We all know that superintendents generally enjoy a lot of flexibility in assigning and reassigning staff. That’s usually part of the superintendent’s job description. Professional contracts customarily include the statement that the employee understands that he or she is “subject to assignment or reassignment.” But are there any limits on that authority?
This is being litigated in the case of Jenkins v. Crosby ISD. This case began when the superintendent moved a principal to an assistant principal position. Ms. Jenkins objected, and challenged the authority of the superintendent to make such a move. The argument was based on the theory that “principal” and “assistant principal” are not within the same “professional capacity.”
Ms. Jenkins lost the argument at T.E.A. and appealed that decision to Travis County District Court. Now, she has lost at that level also. The judge, without a written explanation or analysis, simply affirmed the ruling of the Commissioner. The superintendent did not violate Texas law, did not change the “professional capacity” of Ms. Jenkins, by moving her from the principal’s job to an assistant position. The judge affirmed the Commissioner’s ruling that the term “professional capacity” is broad enough to include both positions. Any further appeal of this case would go to the Court of Appeals, and that would take some time.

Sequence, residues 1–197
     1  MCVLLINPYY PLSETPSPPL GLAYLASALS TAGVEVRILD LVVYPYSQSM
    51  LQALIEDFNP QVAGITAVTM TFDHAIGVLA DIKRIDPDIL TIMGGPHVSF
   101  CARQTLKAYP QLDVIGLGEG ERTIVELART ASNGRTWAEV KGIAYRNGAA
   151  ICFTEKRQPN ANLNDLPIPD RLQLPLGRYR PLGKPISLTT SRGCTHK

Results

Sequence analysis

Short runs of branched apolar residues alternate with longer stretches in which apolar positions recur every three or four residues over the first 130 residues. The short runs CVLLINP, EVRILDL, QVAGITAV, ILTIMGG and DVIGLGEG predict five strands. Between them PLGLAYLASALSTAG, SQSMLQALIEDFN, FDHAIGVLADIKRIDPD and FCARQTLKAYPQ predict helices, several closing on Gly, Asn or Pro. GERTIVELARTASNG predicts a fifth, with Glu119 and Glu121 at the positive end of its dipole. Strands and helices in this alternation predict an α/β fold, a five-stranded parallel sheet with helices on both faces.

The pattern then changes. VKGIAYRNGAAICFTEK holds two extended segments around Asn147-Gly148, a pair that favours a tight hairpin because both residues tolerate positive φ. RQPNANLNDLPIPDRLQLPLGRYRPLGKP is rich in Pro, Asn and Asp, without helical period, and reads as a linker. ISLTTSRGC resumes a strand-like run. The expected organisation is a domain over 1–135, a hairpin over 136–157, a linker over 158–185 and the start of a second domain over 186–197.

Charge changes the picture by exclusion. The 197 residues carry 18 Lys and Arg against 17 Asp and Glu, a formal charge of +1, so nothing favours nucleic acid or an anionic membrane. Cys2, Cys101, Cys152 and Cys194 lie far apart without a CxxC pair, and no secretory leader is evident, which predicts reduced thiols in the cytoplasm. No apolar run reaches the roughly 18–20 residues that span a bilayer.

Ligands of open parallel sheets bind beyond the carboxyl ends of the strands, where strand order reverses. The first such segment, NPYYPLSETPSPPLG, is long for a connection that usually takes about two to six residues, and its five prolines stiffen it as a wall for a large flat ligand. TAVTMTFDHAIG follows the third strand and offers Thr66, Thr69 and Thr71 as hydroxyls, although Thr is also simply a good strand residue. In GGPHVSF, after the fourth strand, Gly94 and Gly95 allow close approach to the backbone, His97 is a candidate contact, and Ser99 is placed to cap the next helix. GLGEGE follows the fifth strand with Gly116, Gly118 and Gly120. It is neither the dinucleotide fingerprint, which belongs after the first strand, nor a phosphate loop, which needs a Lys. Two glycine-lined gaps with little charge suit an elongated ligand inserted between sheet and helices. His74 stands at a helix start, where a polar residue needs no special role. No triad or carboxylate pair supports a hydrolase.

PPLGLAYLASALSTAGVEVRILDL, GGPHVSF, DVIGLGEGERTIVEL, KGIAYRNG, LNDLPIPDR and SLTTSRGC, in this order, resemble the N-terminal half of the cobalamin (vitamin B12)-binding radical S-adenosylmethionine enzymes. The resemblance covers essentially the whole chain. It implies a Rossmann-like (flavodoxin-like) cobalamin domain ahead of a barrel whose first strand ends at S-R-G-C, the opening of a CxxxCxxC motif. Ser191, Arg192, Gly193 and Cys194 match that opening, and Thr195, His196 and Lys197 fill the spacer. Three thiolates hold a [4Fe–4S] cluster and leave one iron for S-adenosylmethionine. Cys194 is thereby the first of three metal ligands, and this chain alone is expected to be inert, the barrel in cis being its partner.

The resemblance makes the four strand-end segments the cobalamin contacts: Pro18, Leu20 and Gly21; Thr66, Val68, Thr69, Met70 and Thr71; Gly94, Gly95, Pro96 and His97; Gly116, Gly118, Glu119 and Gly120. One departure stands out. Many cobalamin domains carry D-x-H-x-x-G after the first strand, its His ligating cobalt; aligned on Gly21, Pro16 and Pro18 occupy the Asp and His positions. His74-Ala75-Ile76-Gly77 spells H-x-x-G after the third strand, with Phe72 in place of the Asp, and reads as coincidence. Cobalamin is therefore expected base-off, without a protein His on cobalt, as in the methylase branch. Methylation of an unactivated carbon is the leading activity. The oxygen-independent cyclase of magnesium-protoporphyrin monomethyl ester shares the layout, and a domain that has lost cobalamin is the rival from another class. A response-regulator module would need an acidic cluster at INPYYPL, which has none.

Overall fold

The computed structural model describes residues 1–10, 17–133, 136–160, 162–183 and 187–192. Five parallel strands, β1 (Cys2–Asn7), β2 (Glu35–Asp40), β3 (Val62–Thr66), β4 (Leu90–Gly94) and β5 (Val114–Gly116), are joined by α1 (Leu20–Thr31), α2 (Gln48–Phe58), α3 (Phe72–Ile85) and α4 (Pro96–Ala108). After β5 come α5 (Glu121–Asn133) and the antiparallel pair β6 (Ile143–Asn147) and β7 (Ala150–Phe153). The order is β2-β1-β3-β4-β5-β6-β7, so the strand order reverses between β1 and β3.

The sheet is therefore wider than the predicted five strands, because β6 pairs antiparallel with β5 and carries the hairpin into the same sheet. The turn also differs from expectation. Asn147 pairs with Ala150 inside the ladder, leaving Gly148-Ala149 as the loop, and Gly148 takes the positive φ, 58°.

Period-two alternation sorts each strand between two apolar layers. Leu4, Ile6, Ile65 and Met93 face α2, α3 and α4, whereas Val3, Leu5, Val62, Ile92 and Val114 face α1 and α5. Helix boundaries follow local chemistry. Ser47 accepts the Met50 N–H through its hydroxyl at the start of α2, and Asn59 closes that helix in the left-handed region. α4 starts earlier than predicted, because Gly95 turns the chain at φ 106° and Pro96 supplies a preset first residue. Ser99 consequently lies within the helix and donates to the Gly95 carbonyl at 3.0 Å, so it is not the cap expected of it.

While this case supports the notion of broad authority for the superintendent, it is always wise to talk to your school attorney before ordering a reassignment that might be legally challenged. The legal analysis needs to take into account a number of factors that should be looked at on a case by case basis.
DAWG BONE: PRINCIPAL TODAY; ASSISTANT TOMORROW. SAME PROFESSIONAL CAPACITY.